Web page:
The 1922 final was contested by Nürnberg and Hamburger SV but never reached a conclusion on the pitch. The match was called on account of darkness after three hours and ten minutes of play, drawn at 2–2. The re-match also went into extra time, and in an era that did not allow for substitutions, that game was called at 1–1 when Nürnberg was reduced to just seven players and the referee ruled incorrectly the club could not continue. Considerable wrangling ensued[ vague ] over the decision. The German Football Association (DFB) awarded the win to Hamburger SV under the condition that they renounce the title in the name of "good sportsmanship" – which the side grudgingly[ according to whom? ] did. Ultimately, the Viktoria trophy was not officially presented that year.

After the glory years[ tone ]

1. FCN's dominance was already beginning to fade when they captured[ tone ] their final trophy of the era in 1927 as the game began to evolve into a more quickly paced contest which did not suit their slower, more deliberate approach.[ vague ] While they continued to field strong sides,[ according to whom? ] other clubs rose to the forefront[ tone ] of German football. In 1934, they lost in the final to Schalke 04, a club that would go on to become the strongest side in the era of football in Nazi Germany. Nürnberg would capture[ tone ] national titles just before and after World War II in 1936 and 1948 in the first post-war national final, and would also take the Tschammerpokal, the forerunner of today's DFB-Pokal, in 1935 and 1939.

Into the modern era

Historical chart of Nurnberg league performance Nurnberg Performance Chart.png
Historical chart of Nürnberg league performance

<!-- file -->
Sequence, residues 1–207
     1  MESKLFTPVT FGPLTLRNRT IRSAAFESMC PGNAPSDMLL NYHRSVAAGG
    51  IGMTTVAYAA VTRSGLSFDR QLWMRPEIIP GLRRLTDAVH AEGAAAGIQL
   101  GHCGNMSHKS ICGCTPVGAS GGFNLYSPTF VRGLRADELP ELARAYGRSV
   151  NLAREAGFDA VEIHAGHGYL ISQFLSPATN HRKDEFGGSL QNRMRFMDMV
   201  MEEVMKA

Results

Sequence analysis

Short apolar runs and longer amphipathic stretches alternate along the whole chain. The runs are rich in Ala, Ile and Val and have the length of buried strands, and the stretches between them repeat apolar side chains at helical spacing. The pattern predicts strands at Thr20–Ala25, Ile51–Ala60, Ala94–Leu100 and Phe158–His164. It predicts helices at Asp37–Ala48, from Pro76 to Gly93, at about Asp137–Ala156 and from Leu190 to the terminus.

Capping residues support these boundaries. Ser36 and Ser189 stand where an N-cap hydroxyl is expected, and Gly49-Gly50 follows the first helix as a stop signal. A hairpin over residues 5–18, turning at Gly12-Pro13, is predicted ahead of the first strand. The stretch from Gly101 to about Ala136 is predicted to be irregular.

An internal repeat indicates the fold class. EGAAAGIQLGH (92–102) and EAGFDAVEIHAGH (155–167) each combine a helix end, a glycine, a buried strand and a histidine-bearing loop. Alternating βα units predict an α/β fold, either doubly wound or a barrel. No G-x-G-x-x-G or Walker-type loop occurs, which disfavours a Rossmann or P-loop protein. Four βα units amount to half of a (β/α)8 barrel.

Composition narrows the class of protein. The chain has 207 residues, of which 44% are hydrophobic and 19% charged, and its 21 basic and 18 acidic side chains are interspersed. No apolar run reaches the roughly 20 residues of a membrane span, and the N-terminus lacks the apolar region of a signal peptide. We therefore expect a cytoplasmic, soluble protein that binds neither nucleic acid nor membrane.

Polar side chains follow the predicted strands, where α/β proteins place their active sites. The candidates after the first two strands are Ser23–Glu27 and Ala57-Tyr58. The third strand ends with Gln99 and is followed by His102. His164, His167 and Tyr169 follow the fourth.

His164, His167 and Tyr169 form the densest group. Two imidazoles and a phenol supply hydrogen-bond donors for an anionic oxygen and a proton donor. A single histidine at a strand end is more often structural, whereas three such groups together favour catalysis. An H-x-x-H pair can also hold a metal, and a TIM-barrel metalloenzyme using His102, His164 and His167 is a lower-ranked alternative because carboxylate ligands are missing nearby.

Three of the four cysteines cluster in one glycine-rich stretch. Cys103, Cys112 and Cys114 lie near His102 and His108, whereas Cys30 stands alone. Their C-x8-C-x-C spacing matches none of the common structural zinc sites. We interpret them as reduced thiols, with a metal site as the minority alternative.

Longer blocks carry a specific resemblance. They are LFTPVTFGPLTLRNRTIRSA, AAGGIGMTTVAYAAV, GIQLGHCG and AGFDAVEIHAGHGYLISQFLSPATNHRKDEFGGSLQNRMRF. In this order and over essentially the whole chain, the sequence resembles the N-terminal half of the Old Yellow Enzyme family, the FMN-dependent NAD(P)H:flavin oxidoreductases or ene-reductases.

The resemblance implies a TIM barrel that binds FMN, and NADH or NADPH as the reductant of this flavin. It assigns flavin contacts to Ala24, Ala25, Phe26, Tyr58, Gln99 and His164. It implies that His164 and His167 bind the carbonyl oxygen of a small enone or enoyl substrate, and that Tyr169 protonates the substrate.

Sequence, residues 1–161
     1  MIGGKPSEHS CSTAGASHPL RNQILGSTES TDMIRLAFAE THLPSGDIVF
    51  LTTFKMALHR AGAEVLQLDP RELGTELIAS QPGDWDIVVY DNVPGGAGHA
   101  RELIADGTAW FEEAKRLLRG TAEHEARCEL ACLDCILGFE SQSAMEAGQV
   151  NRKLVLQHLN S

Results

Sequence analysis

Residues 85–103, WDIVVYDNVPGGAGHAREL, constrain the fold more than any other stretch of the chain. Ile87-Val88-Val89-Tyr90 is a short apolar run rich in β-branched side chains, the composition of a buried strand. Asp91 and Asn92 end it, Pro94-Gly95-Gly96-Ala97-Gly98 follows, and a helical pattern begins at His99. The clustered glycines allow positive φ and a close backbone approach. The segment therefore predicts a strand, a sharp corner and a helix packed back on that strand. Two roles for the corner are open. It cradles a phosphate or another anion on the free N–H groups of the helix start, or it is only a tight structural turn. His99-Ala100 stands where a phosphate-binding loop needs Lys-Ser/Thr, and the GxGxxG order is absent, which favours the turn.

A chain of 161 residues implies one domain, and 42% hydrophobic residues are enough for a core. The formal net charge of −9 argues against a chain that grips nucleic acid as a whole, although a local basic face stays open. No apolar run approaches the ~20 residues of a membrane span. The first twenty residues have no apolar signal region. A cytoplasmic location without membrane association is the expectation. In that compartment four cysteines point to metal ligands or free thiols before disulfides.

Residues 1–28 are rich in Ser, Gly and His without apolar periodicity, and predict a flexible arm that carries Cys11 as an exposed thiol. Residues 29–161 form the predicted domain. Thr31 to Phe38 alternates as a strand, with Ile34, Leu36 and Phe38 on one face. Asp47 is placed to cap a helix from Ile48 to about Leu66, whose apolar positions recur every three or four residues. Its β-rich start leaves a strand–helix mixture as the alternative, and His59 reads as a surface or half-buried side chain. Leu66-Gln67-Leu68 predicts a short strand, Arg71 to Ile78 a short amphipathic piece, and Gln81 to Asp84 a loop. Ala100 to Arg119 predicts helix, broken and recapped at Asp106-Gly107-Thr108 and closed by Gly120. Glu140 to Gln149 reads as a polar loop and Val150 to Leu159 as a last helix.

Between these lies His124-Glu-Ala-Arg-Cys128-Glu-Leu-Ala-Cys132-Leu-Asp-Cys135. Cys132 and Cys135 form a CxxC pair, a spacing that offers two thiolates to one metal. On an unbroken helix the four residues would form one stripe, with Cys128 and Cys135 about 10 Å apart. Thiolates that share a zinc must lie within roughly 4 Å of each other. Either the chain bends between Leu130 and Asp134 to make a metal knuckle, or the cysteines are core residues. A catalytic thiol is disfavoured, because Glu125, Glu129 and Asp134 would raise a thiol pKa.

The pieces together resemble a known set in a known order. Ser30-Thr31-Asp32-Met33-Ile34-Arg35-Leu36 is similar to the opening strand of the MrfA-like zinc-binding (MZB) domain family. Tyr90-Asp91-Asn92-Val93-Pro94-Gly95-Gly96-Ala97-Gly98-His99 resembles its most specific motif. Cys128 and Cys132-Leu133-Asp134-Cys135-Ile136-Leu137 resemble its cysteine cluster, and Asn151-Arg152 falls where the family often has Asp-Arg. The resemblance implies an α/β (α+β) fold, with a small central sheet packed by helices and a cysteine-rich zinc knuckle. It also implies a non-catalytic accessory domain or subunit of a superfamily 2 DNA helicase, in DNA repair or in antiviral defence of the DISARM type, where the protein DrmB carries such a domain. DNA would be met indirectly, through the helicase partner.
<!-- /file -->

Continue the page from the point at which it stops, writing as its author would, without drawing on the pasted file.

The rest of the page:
The post-war period began with the club being integrated into the Oberliga Süd, one of the five top divisions in West-Germany at the time. Nürnberg managed to[ vague ] win this league six times until 1963, winning the national championship in 1948. In 1961, 1. FCN captured[ tone ] their eighth national title and appeared in a losing effort in the following year's final. Some consolation was to be had[ by whom? ] in the team capturing[ tone ] its second DFB-Pokal in 1962. The club's strong play[ according to whom? ] made it an obvious choice[ according to whom? ] to be amongst the 16 teams selected to participate in the Bundesliga, Germany's new professional football league, formed in 1963. Der Club played as a mid-table side through the league's early years until putting on a dominating performance[ according to whom? ] in 1968 in which it sat atop the league table from the fifth week of play on to the end of the season, en route to its first Bundesliga title. It went on to become the first club to be relegated from the Bundesliga as the reigning champions. [1] This was a result of Max Merkel's decision to remove his championship-winning team of veterans – believing that they were too old – in favour of a dozen newcomers.